The Bulletin

How We Teach Science In Waldorf Education

As part of our year-long lecture series being hosted by the Parent-Teacher Organization (PTO),

CWS faculty members present on a variety of topics that launch discussions within our parent community. This year’s PTO events focus on neuroscience and the philosophies and learning principles in Waldorf education. This past January, High School Biology, Geology & Life Sciences teacher, Michael Holdrege, presented a talk with parents entitled: 

How We Teach Science In Waldorf Education & at CWS

Here is a synopsis of his talk reviewed by PTO co-chair, Judy Shaver-Chungbin:

Michael Holdrege first discovered the work of Rudolf Steiner while living in Colorado. He studied Steiner’s work at Emerson College in England and did his Waldorf teacher training in Germany. From there he went on to teach in Austria. Once back in the United States, he settled in Chicago where he was asked in 1994 to help start the Chicago Waldorf High School.

He began the discussion of How We Teach Science with a brief overview of human development. Early Childhood students have wonderful imitative capacities and are very open to the world and nature. In grade school, they begin their “inner separation” as the classroom teacher leads them into aspects of this world they do not yet fully understand. Science studies at this young age are more “nature studies,” like the exploration of animals and plants in the early grades which then transition to the “hard” sciences during middle school.

In high school, one of the main intentions is to help students develop “sound independent judgement.” The science curriculum supports this by having students study phenomena first, thereby taking in what they have observed and describing it. This builds their capacity to ‘see.’  The students then learn to ‘analyze’ and ‘synthesize’ as they compare and contrast those observations with prior experiments as they “build a network of conceptual insight.”  When something is broken apart, it is important for them to have the capacity to re-integrate it and be able to “see the connections between things that have been separated and understand how they relate.”  Often in science experiments, one notices a phenomenon but cannot see all that has occurred. So in the Waldorf approach to science…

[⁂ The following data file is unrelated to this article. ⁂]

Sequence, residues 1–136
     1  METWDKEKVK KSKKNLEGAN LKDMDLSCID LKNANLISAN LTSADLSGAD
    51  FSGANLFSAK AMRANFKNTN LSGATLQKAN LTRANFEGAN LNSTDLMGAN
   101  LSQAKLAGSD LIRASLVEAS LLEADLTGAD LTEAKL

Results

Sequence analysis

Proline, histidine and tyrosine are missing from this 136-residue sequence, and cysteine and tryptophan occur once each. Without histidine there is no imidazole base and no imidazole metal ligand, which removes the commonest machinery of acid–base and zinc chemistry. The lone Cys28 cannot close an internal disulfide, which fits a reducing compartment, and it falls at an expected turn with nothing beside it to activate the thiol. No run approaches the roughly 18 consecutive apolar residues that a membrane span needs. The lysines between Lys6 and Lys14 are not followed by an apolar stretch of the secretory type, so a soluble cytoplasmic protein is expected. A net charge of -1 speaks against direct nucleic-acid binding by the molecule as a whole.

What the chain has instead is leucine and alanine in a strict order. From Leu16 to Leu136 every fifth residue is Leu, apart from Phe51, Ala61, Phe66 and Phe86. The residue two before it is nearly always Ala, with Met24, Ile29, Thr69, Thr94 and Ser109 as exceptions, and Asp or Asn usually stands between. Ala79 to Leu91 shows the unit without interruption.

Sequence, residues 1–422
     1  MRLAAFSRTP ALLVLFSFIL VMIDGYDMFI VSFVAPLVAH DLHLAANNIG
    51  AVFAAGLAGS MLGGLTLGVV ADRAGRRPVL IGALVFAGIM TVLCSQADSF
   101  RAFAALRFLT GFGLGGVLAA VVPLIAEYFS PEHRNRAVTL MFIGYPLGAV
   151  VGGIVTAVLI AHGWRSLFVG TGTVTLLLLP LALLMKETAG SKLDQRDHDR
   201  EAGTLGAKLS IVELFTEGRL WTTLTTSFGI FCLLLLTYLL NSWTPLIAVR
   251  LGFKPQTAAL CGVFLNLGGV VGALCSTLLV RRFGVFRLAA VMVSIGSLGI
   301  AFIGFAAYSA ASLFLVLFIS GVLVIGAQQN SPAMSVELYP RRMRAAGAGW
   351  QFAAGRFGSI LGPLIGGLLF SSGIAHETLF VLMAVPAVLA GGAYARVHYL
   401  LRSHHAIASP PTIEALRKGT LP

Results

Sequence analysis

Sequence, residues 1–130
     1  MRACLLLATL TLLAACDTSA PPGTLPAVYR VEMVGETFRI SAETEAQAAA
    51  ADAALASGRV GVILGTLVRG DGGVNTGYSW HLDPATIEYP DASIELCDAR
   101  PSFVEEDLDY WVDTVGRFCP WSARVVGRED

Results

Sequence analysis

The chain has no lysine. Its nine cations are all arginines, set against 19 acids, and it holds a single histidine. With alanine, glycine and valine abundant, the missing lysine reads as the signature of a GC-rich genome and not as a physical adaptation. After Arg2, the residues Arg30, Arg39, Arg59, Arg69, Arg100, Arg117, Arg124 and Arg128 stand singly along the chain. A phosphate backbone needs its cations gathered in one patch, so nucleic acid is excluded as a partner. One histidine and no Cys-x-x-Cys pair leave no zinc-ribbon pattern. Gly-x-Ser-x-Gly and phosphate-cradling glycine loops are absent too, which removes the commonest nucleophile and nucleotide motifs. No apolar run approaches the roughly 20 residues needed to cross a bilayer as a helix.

…students must use their imagination as they do in real life when “thinking their way into the future based on concrete evidence.”  


Michael mentioned two books, The Power of Mindful Learning by Harvard Psychology Professor, Ellen Langer and Thinking Fast, Thinking Slow by Nobel Prize in Economics laureate Daniel Kahneman. Ellen Langer talks about how it is important for educators to inspire students to want to know, as opposed to spoon feeding them all the information. Daniel Kahneman coined the WYSIATI principle, “what you see is all there is.” Often the initial impression “is it.” So it’s important for students to be able to integrate more phenomena and feelings in their judgments and questions because ‘life is multi-dimensional.’

Enlightenment Block BookSeeing With Multiple Lenses

He then went on to describe how when he teaches biology, students often have narrow preconceived ideas. They may state a basic concept like “the heart pumps blood.” As opposed to being just a pump, it is actually a “seven layered spiral muscle that opens up and contracts,….receives and expels in a twisting motion that goes on for 70 or 80 years.” The circulating blood plasma leaves the capillaries and returns again some 60 times per day (microcirculation and flow-back). He expands the discussion to also relate to emotional states such as fear (exemplified in the pounding heart of stage fright) or love (as embodied in the expression “heartfelt).”

Life is Multi-dimensional

Michael leads them in developing an inner picture reflecting on the physical like the ‘littleness’ of capillaries and how the estimated 60,000 miles of blood vessels in each of our bodies could go around the world two and one half times. Envisioning and other aspects of scale, function and symbolism are considered in relation to the heart and circulation in this science block. In the end, the students have expanded their understanding of the heart’s physical characteristics to a more ‘complex and differentiated concept’ of this central aspect of the human organism.

Through observation, analysis, questioning and inner visualization, the students learn important scientific concepts as well as school their capacities for making thorough and multifaceted judgments.

This synopsis of Michael’s presentation at the last PTO meeting is provided by Judy Shaver-Chungbin, PTO co-chair.
The illustrations are taken from block books created by High School students for the science & humanities curriculum.